London black cab production restarts six months after Chinese rescue
The production line for London black cabs resumed on Wednesday, six months after the company behind the famous vehicles was rescued by the Chinese Geely Group.
The business secretary, Vince Cable, who was in Coventry to officially restart production of the TX4 black cab said:
"After a period of worry and uncertainty for the workforce, Geely Group's investment has secured the future of the iconic black cabs company, protecting highly skilled jobs in the Midlands and ensuring that London cabs continue to be made here in Britain," he said. "It is also a clear demonstration of the success of the British car industry, which has gone from strength to strength even during tough economic times."
Geely bought Manganese Bronze, which had been making black cabs since 1948, out of administration for just ￡11m in February.
Production of black cabs was halted last autumn when Manganese Bronze was forced to launch an emergency recall after discovering a steering fault that left some drivers "struggling to steer the vehicles correctly".
It was not the first time Manganese had been forced to launch an emergency recall of the TX4 model. In 2008 it called back 5,000 of the early TX4 after some of them caught fire.
But less than two weeks after last year's recall the company went into administration.
Li Shufu, the chairman of Geely, which also owns Volvo, said restarting production had created 66 new jobs. However, 156 workers - including 99 of the 176 employees at the Holyhead Road plant - lost their jobs when Manganese called in administrators.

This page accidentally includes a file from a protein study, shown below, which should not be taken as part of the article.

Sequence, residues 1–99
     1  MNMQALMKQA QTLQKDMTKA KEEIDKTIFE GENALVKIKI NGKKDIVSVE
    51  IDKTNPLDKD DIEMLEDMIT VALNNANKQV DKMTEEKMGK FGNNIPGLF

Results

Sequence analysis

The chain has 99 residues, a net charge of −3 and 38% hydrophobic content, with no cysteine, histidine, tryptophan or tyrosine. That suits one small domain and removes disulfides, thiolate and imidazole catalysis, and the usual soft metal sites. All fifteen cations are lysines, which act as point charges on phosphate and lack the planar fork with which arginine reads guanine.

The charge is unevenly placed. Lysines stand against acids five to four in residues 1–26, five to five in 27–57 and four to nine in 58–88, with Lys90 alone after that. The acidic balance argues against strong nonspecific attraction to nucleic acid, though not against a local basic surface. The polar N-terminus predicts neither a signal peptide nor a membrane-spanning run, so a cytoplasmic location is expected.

"Today is a milestone in the history of the London Taxi Company (LTC), but it marks just the beginning of what we believe will be a strong and prosperous future," he said.
"We are pleased to have created dozens of new jobs and have already begun work on the planning and design of the next generation of this iconic vehicle. Thanks to the work of everyone here and everyone that has supported us, LTC has an exciting future ahead of it."
Once fully up and running, the production line will complete about 10 new taxis a day, five days a week. The company expects to export about half of the 2,000 vehicles it will produce in the first year, after winning contracts to supply Saudi Arabia, the United Arab Emirates and Azerbaijan. Only 900 cabs were produced last year before the production line was shutdown.
Geely has pledged to invest ￡150m in the London Taxi Company's Coventry factory and developing a new TX5 model over five years. It is also considering expanding production in Coventry and other sites in the UK. More than 130,000 black taxis have been made at the Coventry over the past 60 years.
The company said it is also considering the possibility of transferring the production of some Geely cars from China to the UK in the future.
Peter Johansen, vice president of UK operations for LTC, said: "The financial strength and commitment of Geely provides us opportunities to continue to improve our TX4 taxi and, at the same time, develop the next generation of taxis to take us forward into the 21st century."